New study reveals an epiphany about epiphanies
Ohio State University researchers have discovered new insights into the age-old “aha” moment, also called otherwise called epiphany learning.
They used eye-tracking and pupil dilation technology to determine what physically happens in a person when they figure out a difficult problem. Pupil dilation is one sign that an “aha moment,” is about to arrive.
“We could predict they were about to have an epiphany before they even knew it was coming,” said Ian Krajbich, co-author of the study and assistant professor of psychology and economics at Ohio State.
In the study, 59 students played a game on a computer against an unseen opponent. On the screen were 11 numbers (0 to 10) arranged in a circle. In order to win, students had to figure out that the best strategy was to always pick the lowest number.
About 42 percent of players had an epiphany that always picking zero was the best choice. Another 37 percent committed to a number other than zero and the remaining 20 percent never committed to a number.
Pupil dilation illustrated that the epiphany learners were reacting differently than others.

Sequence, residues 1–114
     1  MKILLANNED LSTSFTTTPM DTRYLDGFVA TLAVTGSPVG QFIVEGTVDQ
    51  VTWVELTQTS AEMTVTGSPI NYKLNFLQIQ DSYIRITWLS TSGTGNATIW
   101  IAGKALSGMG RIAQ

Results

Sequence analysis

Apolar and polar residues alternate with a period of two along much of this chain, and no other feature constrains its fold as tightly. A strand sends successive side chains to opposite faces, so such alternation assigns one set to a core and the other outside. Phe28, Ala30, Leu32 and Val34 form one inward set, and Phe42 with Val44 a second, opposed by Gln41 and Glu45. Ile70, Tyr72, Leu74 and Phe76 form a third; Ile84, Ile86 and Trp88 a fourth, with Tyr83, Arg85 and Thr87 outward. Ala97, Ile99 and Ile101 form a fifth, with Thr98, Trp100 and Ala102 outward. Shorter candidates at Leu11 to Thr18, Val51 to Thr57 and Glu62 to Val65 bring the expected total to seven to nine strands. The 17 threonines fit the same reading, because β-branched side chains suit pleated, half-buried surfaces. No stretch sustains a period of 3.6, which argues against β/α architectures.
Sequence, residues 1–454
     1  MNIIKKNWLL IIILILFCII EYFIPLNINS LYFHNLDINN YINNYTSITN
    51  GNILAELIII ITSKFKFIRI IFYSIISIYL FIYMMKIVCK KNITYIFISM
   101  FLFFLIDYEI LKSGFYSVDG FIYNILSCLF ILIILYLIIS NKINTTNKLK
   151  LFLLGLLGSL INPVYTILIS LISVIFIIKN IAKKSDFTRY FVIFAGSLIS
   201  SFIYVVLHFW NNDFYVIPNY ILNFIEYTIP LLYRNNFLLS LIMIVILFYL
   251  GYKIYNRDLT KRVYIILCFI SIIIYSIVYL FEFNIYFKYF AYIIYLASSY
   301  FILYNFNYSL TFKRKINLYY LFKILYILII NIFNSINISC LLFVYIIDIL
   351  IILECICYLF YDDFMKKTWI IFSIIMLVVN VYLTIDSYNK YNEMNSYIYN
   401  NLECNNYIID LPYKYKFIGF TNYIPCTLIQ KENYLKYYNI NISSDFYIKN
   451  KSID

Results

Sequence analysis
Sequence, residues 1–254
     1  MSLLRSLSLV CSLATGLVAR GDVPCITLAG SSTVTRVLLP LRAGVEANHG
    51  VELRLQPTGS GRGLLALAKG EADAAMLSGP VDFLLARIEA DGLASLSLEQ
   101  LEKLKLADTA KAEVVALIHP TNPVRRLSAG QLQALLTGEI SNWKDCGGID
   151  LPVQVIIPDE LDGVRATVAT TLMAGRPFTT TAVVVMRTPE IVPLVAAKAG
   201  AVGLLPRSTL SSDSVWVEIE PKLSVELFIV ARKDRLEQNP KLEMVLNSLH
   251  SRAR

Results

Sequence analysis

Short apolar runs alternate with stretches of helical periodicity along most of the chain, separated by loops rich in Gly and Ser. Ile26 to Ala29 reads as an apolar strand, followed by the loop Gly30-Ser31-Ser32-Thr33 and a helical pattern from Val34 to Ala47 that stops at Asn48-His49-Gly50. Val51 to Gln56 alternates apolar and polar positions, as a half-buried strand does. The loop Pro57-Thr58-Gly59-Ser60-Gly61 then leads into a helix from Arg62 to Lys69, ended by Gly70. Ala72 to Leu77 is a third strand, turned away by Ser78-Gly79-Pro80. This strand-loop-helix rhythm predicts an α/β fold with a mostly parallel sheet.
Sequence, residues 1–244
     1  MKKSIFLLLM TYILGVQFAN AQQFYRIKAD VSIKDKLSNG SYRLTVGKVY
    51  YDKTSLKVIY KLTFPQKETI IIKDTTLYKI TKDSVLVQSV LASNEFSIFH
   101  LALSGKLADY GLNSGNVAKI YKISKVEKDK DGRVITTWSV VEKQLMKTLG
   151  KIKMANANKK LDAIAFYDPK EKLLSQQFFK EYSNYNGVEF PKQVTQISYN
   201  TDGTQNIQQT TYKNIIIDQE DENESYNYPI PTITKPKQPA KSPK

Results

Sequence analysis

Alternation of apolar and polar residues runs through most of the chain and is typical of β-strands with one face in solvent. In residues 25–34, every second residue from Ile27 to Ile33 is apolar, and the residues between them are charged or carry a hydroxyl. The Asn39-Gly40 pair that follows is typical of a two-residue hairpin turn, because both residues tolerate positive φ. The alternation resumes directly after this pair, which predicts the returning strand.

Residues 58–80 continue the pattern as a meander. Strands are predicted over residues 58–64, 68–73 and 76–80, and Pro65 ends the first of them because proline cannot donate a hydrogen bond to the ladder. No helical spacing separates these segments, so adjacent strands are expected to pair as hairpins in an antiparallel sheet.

“When your pupil dilates, we see that as evidence that you’re paying close attention and learning,” Krajbich said.
Eye-tracking also revealed that the epiphany learners looked at zero and other low numbers more often than others did in the trials just before their epiphanies.
Epiphany learners spent less time looking at their opponents’ number choices and more time considering the result of each trial – whether they won or lost
“One thing we can take away from this research is that it is better to think about a problem than to simply follow others,” Krajbich said. “Those who paid more attention to their opponents tended to learn the wrong lesson.”
The study breaks new ground in learning more about how we learn, Krajbich said.
“Our work is novel in that we’re looking at this other kind of learning that really has been neglected in past research,” he said.
Source: Ohio State University